Bryan Cranston is still breaking bad in the pacey thriller series Your Honor

Bryan Cranston breaks bad again—this time as a judge protecting his son. Now streaming on Stan, Your Honor is a tight and fraught melodrama—but don’t expect a masterpiece, says critic Travis Johnson. 

New Orleans judge Michael Desiato (Bryan Cranston) finds his respect for the law tested to destruction when his teenage son Adam (Hunter Doohan) accidentally runs over and kills another young man, Rocco Baxter (Benjamin Hassan Wadsworth), and flees the scene. The widowed Michael, devoted to his son, sets about concealing the crime: building alibis, erasing evidence and coaching Adam to lie to the police. Things are complicated however by the fact that the victim of the accident was the son of ruthless crime boss Jimmy Baxter (Michael Stuhlbarg, with Hope Davis as his Lady Macbeth), who is certainly not gonna let the death of his boy go unavenged.

Look, we’ve seen this before. Specifically, if you’ve seen the Israeli series Kvodo, you’ve quite literally seen this before. Your Honor is an American remake brought to us by English showrunner Peter Moffat (Cambridge Spies, Undercover).

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But speaking more generally, surely we’re all quite familiar with the notion of Bryan Cranston as an ostensibly “good” man forced to turn to crime in order to protect his family? Breaking Bad, Cranston’s break out show, is correctly lauded as one of the greatest TV series of all time, and woe betide the ambitious series that invites direct comparison, for it can only come off second best.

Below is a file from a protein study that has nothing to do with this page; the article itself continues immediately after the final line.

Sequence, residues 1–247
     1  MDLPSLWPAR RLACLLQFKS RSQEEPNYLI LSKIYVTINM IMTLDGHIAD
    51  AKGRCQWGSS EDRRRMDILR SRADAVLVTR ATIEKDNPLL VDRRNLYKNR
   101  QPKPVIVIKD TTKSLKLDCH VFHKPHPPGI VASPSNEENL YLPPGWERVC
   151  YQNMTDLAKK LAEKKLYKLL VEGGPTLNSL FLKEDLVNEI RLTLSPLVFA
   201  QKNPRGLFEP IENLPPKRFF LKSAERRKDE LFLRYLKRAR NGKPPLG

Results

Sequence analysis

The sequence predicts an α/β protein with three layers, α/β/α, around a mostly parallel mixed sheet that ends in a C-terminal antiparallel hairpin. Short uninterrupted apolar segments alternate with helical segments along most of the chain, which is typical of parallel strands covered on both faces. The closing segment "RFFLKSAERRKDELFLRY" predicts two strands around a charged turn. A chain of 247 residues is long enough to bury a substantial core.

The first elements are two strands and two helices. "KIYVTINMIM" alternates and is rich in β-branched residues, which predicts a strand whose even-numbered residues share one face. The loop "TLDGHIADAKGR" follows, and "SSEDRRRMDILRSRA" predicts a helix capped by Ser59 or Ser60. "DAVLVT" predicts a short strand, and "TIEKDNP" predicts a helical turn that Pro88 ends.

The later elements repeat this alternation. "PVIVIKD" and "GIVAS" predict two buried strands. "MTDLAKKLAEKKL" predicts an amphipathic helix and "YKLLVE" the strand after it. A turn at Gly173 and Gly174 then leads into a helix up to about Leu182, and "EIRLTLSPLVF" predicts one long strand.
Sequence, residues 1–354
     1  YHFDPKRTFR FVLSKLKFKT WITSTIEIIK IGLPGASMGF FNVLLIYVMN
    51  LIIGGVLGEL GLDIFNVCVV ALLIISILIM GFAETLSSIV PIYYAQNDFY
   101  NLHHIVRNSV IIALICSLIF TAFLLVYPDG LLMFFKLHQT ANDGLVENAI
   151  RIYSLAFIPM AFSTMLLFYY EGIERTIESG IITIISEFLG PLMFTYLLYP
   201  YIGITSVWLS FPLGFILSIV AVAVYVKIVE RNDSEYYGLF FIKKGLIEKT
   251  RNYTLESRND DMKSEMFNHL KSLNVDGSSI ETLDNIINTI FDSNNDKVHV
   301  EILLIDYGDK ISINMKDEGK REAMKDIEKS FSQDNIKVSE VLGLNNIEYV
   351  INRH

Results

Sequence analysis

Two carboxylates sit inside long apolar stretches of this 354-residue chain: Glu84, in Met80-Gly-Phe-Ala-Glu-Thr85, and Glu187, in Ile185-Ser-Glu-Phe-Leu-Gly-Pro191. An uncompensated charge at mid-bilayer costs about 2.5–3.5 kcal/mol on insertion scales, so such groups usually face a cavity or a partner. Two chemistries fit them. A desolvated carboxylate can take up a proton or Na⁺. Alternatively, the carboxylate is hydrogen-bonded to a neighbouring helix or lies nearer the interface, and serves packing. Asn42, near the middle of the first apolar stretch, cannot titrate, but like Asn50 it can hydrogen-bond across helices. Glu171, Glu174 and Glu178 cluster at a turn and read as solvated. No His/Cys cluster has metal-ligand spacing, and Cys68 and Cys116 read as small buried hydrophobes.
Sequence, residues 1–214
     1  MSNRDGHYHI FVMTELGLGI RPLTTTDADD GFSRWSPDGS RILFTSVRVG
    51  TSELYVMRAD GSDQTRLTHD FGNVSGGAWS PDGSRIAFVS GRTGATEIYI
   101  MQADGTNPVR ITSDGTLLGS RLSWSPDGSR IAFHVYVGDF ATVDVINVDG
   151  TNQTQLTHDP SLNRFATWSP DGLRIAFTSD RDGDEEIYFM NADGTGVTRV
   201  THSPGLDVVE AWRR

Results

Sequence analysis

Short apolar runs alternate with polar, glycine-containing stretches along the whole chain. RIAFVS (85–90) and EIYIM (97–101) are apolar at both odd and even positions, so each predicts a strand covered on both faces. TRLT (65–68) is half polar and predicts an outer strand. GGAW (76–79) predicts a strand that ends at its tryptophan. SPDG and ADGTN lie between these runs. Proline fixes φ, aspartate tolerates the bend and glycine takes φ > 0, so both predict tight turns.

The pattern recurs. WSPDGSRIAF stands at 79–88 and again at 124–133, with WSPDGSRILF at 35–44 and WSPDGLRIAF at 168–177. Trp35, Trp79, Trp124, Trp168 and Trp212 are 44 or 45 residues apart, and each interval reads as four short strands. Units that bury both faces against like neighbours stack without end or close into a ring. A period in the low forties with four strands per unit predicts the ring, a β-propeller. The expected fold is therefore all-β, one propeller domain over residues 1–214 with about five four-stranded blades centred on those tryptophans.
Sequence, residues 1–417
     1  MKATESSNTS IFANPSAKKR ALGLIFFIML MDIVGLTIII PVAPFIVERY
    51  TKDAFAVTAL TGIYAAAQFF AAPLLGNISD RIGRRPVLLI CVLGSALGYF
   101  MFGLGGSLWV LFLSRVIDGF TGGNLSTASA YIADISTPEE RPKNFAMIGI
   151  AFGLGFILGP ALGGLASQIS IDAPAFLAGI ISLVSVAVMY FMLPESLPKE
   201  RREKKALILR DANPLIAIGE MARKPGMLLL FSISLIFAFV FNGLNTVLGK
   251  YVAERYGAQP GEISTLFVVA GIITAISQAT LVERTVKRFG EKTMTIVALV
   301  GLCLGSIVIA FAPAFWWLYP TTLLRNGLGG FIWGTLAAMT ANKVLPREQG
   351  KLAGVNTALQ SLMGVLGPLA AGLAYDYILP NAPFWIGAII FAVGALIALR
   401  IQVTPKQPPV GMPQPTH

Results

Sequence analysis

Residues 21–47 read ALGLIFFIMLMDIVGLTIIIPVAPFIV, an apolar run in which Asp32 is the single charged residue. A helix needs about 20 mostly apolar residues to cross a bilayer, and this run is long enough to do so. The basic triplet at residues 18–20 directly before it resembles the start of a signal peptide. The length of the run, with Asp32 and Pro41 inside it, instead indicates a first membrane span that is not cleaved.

Which doesn’t mean Your Honor isn’t worth a taste, but expect hamburger rather than filet mignon. This is a meat and potatoes paranoid thriller, with each choice that Cranston’s judge makes leading to several more problems that he needs to solve, further entangling him in malfeasance.

It’s a fairly rote and mechanical approach to plotting but Cranston, whose hangdog face makes communicating the inner life of his character seem effortless, gets us to buy in on the emotional stakes even as the narrative gets more lurid. He’s just gotta save his son and the drive to do so, despite all personal and ethical cost, is palpable.

A truly impressive supporting cast are on hand to get dragged into Michael’s increasingly desperate situation—including Isiah Whitlock Jr. as his best mate, Mayoral candidate Charlie Figaro, who helps dispose of Adam’s car (and while we’re cautioning against reminding viewers of better shows, Whitlock was in The Wire, while Your Honor’s N’Awlins setting recalls another great David Simon series, Treme). Carmen Ejogo (Fantastic Beasts) turns up as lawyer Lee Delamare, Michael’s former protégé and, seemingly, future love interest, while the great Margot Martindale (Million Dollar Baby, Justified) appears from the fourth episode as Michael’s rather hostile former mother-in-law.

Meanwhile Stuhlbarg, who has made a career out of mostly playing cultured intellectuals and put-upon everymen, is chillingly effective as the doting but deadly Baxter. It’s a role at least somewhat reminiscent of his turn as Arnold Rothstein in Boardwalk Empire.

Your Honor ticks along at a decent pace, steadily ratcheting the tension and complicating the plot so that we as viewers are constantly engaged, if never quite engrossed. But that’s okay—very few series are going to be paradigm-breaking masterpieces, so we should keep that in mind when regarding this one. It’s a tight, fraught slice of melodrama that will please fans of a particular type of television but probably won’t make anyone else rearrange their viewing schedule to accommodate it—and that’s fine.